Most Swiss banks considering #OVDP should NOT consider #Wegelin in their decision

2012 – Wegelin – Sowing The Seeds of U.S. Terror

This article includes:

Two months ago, Wegelin pleaded guilty, even though it had “little to gain” by doing so, it said in court documents. Wegelin said it was seeking “closure.” An attorney for Wegelin declined to comment.

Legal experts said the U.S.’s tactics may offer a blueprint for future actions against foreign banks. Assistant U.S. Attorney Daniel Levy wrote in a sentencing memo that the prosecution of Wegelin would send “a strong message to those who would believe that, without a physical presence in the U.S., they cannot be reached by U.S. law enforcement.”

“Americans who still have these undeclared accounts need to realize the world is shrinking,” Jeffrey Neiman, a former assistant U.S. attorney, said in an interview. He prosecuted UBS, UBSN.VX -0.31% the Swiss bank, for offenses similar to Wegelin’s.

But the legal theories the U.S. used in prosecuting Wegelin haven’t been tested under these specific circumstances. Had Wegelin gone to trial, legal experts said, it could have argued that it had no criminal intent because it didn’t believe it was responsible for adhering to U.S. laws. In Thursday’s court filing, Wegelin said it went to great lengths to attempt to comply with U.S. laws and that it didn’t know it would be punished for “what it was legally entitled to do under Swiss law.” It added: “Swiss banking privacy and its potential for concealing tax evasion by U.S. persons has never been a secret.”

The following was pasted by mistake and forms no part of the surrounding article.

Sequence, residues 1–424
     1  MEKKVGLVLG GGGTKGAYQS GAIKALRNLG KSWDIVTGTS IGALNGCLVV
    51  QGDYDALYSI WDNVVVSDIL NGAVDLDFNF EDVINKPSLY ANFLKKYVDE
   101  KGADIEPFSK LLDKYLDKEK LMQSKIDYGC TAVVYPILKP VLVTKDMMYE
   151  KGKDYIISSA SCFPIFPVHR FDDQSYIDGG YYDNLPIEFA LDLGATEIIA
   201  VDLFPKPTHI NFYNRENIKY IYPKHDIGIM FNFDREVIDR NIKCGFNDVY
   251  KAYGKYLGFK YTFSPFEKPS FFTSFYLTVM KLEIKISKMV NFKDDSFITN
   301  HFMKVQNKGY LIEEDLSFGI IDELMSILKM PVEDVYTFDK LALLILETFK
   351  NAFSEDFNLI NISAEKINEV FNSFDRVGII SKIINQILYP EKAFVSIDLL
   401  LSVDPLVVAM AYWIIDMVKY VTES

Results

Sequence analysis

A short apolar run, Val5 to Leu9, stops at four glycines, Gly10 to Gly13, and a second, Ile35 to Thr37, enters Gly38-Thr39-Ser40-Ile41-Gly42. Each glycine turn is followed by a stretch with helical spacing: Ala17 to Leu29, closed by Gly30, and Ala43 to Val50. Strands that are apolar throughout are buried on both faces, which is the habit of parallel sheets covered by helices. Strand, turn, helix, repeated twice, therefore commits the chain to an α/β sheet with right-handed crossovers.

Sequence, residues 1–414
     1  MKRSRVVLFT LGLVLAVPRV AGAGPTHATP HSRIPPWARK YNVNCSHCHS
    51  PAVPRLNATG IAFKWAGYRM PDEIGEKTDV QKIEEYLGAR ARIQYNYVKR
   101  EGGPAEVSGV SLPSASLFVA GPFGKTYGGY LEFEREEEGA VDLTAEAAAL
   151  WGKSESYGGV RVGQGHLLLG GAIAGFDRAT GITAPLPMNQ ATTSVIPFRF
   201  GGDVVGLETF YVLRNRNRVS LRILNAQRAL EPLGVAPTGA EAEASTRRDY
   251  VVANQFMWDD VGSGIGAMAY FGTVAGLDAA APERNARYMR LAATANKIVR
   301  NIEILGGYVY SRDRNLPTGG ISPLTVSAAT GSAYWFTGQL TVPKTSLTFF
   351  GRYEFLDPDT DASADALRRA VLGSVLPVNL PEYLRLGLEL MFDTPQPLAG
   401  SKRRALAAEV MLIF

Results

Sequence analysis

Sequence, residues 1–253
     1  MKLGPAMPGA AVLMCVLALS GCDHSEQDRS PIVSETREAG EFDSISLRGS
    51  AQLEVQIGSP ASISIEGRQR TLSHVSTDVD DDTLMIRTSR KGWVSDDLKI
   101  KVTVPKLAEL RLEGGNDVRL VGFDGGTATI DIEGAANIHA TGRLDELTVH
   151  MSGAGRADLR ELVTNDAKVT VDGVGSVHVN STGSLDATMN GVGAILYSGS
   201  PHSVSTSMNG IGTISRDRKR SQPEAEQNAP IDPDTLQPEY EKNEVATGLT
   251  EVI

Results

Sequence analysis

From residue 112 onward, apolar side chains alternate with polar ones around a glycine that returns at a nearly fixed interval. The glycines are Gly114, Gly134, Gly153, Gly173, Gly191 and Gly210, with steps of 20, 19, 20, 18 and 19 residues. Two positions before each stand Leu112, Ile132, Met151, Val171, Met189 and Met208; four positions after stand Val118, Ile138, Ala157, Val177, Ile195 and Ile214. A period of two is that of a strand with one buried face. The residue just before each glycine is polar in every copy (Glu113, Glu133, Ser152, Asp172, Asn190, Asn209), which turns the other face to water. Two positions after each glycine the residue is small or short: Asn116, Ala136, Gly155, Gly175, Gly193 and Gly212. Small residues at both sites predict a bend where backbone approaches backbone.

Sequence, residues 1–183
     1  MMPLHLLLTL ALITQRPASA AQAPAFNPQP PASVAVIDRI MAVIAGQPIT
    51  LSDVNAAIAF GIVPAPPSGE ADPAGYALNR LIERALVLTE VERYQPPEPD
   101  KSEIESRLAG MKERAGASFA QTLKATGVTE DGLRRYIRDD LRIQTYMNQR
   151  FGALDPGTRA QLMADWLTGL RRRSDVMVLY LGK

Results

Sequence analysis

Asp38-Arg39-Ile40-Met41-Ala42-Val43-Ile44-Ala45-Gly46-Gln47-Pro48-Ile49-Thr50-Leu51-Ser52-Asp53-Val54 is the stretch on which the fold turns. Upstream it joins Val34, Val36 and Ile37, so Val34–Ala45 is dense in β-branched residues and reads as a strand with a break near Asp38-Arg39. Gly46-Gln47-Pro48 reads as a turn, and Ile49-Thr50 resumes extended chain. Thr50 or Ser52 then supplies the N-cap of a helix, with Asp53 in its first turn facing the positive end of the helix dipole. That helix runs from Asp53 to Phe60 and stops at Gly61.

An interesting Wikipedia summary of the story appears here.

It seems clear that the real purpose of Wegelin was to terrorize Swiss banks and to provide a precedent for so doing.


2013 – OVDP For Swiss Banks – Reaping The Harvest of Terror

The background, decision and link to Wegelin are described by lawyer Robert Wood and the Economist.  The Economist sets the stage follows:

AMERICANS never made up a large portion of Swiss private banks’ international client base, but the price to be paid for allowing some of them to evade tax is proving to be steep—and could be ruinous for some smaller wealth managers. By December 9th most of Switzerland’s 300 or so banks were required to tell their regulator whether they would participate in a voluntary-disclosure programme crafted by the Department of Justice, under which those that have handled untaxed accounts for American clients can wipe the slate clean in exchange for fines. Swiss authorities have urged banks to sign up to avoid the fate of Wegelin, a venerable private bank that closed after being indicted in New York for aiding tax dodgers.